Background: I am a biostatistician presently wrestling with a dataset of cellular expression rates. The study exposed a host of cells, collected in groups from various donors, to certain peptides. Cells either express certain biomarkers in response, or they don't. The response rates are then recorded for each donor-group. Response rates (expressed as percentages) are the outcome of interest, and peptide exposure is the predictor.
Note that observations are clustered within donors.
Since I only have the summary data, I am treating the donor-wise response rates as continuous data (at least for now).
The complication arises from the fact that I have many zeroes in my data. Far too many to be ignored. I am considering a zero-inflated gamma model to deal with the fact that I have skewed continuous data coupled with an overabundance of zeroes. I have also considered the Tobit model, but this seems inferior since it assumes censoring at a lower bound, as opposed to genuine zeroes (econometricians might say the distinction is moot).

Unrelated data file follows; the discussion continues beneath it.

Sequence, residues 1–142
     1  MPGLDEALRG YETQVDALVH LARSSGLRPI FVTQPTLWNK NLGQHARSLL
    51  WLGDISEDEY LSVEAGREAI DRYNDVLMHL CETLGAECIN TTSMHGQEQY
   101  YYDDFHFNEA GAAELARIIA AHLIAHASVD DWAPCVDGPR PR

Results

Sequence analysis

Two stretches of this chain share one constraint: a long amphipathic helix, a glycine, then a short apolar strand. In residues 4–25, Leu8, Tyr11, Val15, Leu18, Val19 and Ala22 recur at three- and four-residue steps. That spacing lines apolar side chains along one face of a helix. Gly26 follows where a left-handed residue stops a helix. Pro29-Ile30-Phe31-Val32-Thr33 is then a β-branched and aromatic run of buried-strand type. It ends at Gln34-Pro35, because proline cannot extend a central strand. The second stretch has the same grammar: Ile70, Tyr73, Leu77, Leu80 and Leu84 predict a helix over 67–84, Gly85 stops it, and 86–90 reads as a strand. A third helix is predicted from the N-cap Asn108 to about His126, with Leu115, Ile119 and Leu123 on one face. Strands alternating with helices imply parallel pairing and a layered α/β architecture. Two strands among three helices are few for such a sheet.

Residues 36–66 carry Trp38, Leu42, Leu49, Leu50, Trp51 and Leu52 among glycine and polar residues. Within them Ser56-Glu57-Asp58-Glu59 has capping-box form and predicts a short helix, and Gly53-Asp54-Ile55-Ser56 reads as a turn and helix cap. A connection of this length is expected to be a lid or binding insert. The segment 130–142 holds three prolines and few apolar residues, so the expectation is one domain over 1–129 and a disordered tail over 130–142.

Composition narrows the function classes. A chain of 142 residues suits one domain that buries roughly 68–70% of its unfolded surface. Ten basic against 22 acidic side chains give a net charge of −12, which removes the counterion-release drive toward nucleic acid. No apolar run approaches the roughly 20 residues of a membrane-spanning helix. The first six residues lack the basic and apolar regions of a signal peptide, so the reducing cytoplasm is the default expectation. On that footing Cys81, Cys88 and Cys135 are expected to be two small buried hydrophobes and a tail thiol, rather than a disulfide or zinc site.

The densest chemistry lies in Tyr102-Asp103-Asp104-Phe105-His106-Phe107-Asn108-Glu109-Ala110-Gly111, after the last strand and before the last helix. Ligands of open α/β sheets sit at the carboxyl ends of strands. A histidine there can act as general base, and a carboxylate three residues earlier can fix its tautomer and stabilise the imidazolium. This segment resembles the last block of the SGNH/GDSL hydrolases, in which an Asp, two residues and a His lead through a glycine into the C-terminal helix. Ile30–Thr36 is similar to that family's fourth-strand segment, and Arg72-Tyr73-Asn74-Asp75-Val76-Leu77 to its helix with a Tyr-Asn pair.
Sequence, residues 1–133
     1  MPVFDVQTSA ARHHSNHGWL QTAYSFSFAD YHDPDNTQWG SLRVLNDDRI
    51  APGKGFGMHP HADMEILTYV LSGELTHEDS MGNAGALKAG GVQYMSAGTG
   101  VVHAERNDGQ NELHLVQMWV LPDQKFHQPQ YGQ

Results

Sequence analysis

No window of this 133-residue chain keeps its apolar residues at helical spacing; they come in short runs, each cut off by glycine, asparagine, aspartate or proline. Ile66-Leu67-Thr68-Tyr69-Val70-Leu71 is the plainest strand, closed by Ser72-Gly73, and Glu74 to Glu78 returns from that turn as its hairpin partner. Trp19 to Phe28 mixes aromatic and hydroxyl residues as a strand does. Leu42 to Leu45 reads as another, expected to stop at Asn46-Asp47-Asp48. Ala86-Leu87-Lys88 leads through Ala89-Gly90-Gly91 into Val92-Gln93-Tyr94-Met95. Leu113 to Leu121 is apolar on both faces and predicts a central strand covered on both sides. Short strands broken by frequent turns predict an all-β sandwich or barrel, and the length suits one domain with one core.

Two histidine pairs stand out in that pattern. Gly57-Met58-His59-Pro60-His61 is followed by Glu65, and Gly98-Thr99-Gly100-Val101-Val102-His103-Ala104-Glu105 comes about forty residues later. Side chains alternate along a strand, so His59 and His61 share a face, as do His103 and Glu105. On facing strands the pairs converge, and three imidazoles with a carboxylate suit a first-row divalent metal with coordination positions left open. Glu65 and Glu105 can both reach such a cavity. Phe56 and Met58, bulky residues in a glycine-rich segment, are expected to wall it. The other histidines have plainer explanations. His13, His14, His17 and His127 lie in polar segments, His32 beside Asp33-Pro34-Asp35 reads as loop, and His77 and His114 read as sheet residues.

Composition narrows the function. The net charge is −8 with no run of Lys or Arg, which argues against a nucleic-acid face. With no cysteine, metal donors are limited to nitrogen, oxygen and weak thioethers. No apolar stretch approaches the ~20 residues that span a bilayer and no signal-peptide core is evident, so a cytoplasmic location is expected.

Question: Generally speaking, when is it appropriate to use a zero-inflated gamma model? That is, what are the assumptions? And how does one interpret its inferences? I would be grateful for links to papers that discuss this, if you have any.
I've found a link on SAS-L in which Dale McLerran provides NLMIXED code for a zero-inflated gamma model, so it appears to be possible. Nonetheless, I would hate to charge forth blindly.